The Qur'an in Print

The Qur'an in Print

From the sixteenth century, when the printing press with movable type was first used in Europe and later in all parts of the world, the pattern of writing and of printing the Qur'an was further standardised.

There were already printed copies of the Qur'an before this, in the so-called block-print form, and some specimens from as early as the tenth century, both of the actual wooden blocks and the printed sheets, have come down to us. [Grohmann, op. cit.. p.38; Exhibition in the British Library, London.]

The first extant Qur'an for which movable type was used was printed in Hamburg (Germany) in 1694. The text is fully vocalised. [Al-Coranus, lex islamitica Muhammedis, Officina Schultzio-Schilleriania. Hamburg, 1694; Exhibition No. 22.] Probably the first Qur'an printed by Muslims is the so-called 'Mulay Usman edition' of 1787, published in St. Petersburg, Russia, followed by others in Kazan (1828), Persia (1833) and Istanbul (1877). [Blachere, R.: Introduction au Coran, Paris, 1947, p. 133.]

In 1858, the German orientalist Fluegel produced together with a useful concordance the so-called 'Fluegel edition' of the Qur'an, printed in Arabic, which has since been used by generations of orientalists. [Fluegel, Gustav: Corani texn Arabicus. Leipzig, 1834.] The Fluegel edition has however a very basic defect: its system of verse numbering is not in accordance with general usage in the Muslim world. [See e.g. 74: 31, where he makes four verses out of one.]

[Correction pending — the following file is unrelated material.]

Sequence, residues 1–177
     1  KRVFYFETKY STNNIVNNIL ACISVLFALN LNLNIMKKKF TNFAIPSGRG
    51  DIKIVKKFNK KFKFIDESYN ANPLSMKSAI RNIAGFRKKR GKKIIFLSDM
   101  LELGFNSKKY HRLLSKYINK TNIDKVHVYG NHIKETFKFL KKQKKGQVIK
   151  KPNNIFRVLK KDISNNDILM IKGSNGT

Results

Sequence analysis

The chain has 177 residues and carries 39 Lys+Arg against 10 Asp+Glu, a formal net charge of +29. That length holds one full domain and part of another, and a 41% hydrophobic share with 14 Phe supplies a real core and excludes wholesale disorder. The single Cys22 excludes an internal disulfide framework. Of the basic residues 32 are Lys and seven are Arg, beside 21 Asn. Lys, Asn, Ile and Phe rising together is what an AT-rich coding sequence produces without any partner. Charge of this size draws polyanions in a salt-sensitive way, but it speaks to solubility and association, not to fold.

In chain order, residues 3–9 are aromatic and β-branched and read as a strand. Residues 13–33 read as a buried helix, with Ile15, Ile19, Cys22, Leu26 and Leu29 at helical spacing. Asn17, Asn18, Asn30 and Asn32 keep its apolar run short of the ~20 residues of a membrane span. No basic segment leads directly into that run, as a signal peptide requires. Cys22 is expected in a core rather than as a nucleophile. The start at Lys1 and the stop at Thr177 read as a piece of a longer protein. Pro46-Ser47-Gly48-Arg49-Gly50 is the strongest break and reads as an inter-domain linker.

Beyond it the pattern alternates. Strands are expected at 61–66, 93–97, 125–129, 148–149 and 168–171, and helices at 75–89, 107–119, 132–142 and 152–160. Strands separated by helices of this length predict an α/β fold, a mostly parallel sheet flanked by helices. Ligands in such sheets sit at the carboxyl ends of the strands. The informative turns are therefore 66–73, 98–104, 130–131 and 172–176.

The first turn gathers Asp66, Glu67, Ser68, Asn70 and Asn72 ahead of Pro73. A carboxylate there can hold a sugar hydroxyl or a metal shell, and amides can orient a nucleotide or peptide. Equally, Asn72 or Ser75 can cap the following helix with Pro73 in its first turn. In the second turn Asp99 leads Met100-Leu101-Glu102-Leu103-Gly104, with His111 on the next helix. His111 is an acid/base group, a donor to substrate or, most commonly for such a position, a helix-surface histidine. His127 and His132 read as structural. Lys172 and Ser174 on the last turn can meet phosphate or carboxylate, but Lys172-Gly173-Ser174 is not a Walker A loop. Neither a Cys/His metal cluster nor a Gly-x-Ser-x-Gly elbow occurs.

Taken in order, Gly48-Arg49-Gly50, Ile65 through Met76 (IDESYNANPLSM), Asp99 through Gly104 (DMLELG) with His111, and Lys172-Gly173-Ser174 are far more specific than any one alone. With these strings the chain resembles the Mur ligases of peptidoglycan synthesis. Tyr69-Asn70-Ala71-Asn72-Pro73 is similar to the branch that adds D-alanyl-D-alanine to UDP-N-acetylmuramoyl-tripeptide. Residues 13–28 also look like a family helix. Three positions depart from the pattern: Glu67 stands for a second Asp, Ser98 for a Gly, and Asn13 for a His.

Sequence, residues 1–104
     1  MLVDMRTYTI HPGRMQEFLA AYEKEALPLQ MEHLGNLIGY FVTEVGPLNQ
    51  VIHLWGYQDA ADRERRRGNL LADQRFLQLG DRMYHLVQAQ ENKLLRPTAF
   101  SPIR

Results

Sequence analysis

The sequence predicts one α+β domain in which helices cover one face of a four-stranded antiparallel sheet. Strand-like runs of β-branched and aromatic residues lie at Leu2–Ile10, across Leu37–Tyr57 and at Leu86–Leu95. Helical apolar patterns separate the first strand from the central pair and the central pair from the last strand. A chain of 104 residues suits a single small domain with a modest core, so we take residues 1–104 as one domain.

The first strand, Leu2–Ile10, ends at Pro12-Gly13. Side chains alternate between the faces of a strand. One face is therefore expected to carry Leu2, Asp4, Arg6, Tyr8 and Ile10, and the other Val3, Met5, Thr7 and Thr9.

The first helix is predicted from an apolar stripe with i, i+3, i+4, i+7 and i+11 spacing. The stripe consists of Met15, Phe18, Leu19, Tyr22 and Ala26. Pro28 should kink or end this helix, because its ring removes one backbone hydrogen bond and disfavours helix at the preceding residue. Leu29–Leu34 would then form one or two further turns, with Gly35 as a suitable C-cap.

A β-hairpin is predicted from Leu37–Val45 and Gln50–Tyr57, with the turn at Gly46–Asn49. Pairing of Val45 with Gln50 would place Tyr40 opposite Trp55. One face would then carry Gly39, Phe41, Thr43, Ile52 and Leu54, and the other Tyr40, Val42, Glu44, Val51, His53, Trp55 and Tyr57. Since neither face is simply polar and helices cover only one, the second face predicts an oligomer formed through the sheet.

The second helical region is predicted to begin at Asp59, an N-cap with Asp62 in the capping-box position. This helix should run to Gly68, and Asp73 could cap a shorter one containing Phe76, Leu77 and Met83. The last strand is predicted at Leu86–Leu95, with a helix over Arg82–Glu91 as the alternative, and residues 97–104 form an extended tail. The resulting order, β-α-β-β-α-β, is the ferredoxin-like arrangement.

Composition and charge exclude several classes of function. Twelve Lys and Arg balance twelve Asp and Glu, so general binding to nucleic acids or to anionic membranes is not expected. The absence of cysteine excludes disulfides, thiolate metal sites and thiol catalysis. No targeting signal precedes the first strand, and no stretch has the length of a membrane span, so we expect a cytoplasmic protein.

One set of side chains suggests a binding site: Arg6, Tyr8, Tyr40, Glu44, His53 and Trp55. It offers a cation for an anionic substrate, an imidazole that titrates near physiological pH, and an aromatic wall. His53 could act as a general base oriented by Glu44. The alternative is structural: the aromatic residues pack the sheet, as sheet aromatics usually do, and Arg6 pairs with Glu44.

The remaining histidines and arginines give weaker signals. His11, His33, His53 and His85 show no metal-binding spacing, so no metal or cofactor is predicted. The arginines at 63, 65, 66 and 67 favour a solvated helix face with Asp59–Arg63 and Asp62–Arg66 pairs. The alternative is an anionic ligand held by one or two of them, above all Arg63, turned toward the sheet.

The Egyptian Edition

The Qur'anic text in printed form now used widely in the Muslim world and developing into a 'standard version', is the so-called 'Egyptian' edition, also known as the King Fu'ad edition, since it was introduced in Egypt under King Fu'ad. This edition is based on the reading of Hafs, as reported by 'Asim, and was first printed in Cairo in 1925/1344H. Numerous copies have since been printed.

The Sa'd Nursi Copy

Finally, the Qur'an printed by the followers of Sa'id Nursi from Turkey should be mentioned as an example of combining a hand-written beautifully illuminated text with modern offset printing technology. The text was hand written by the Turkish calligrapher Hamid al-'Amidi. It was first printed in Istanbul in 1947, but since 1976 has been produced in large numbers and various sizes at the printing press run by the followers of Sa'id Nursi in West Berlin (Germany).